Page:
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As KFC modernizes, it goes back to basics

kfc colonel sanders

To boost its appeal with consumers and stay competitive as chicken concepts proliferate, KFC is taking a page from, well, itself.

The chain is changing the way it prepares fried chicken, returning to the methods employed by its founder, Colonel Harland Sanders, the New York Business Journal reports.

“Over the last 10 years or so, we haven’t been living up to the standards of Colonel Sanders himself,” KFC President Jason Marker said in a press conference, as reported by the Business Journal. “In talking to Americans about the chain’s fried chicken, people continuously end up commenting, ‘I don’t recall the last time I had KFC.’ Our customers were saying, ‘Your food doesn’t taste the same as it used to. Your restaurants don’t smell the same as they used to.’”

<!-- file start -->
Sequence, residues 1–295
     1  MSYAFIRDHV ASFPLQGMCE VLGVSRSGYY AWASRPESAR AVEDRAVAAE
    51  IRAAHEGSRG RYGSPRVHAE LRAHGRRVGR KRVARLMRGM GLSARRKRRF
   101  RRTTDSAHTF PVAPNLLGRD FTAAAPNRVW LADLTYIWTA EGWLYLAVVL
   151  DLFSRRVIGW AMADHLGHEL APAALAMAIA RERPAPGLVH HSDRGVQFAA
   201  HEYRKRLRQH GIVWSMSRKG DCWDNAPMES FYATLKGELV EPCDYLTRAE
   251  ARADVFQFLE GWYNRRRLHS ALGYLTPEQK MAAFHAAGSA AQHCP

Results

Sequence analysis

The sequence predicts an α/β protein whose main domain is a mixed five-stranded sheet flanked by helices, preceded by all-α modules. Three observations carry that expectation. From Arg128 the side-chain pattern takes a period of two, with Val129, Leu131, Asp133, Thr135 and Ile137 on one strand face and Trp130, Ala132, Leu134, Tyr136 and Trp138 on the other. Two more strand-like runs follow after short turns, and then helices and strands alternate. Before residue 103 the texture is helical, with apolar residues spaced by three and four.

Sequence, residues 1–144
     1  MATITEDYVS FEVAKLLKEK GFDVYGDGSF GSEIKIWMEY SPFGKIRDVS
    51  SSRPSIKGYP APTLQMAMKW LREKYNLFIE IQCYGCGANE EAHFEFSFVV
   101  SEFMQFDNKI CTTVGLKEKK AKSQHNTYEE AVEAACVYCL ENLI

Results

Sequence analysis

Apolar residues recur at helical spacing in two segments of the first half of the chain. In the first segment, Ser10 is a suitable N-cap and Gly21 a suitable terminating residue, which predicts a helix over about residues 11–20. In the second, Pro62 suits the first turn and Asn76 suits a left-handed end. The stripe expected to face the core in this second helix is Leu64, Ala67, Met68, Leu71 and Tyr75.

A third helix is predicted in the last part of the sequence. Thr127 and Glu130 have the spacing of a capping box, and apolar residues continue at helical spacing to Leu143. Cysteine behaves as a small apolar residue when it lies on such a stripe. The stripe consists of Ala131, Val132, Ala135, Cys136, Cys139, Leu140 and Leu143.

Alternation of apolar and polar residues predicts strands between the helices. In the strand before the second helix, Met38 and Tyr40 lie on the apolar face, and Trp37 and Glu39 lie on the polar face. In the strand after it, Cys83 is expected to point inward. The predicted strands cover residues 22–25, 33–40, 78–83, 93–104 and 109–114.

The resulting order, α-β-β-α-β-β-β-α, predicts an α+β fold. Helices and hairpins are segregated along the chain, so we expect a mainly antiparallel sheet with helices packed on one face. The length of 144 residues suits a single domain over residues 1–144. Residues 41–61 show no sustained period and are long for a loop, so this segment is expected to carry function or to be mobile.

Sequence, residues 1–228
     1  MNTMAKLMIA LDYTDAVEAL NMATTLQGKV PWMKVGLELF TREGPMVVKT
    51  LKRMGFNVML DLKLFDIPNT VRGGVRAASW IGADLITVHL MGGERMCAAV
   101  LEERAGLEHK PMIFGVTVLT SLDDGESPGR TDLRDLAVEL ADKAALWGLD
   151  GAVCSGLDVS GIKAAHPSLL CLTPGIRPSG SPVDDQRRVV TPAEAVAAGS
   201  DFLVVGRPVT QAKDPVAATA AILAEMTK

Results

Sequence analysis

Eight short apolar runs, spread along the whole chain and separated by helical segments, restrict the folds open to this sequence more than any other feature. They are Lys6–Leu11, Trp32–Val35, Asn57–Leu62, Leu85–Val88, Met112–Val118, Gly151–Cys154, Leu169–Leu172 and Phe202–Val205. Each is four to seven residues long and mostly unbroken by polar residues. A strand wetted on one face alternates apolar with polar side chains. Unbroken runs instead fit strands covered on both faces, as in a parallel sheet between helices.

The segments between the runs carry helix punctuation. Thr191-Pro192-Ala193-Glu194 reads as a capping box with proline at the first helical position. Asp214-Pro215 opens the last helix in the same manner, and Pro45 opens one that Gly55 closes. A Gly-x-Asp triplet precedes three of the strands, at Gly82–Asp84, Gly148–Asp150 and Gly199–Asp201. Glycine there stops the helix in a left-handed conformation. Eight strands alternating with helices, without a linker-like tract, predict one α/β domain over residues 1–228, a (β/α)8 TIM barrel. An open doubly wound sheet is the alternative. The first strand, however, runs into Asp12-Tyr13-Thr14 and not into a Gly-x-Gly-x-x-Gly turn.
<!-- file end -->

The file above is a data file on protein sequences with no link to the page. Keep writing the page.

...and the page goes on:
KFC is retraining staff at its 19,000 global units to use its original 25-minute preparation process and is updating unit kitchens to facilitate the change. It's also rolling out its "Colonel Quality Taste Guarantee," which promises to remake customers' meals if they aren't satisfied. 

The QSR jumpstarted these efforts—which it's calling "Re-Colonelization"—by gathering nearly all of its general managers in a series of 43 rallies around the country.

As previously reported by Restaurant Business, KFC is in the midst of a millennial-friendly redesign effort that will retrofit 70 percent of its domestic restaurants by 2017.

Read the full story via the New York Business Journal. 

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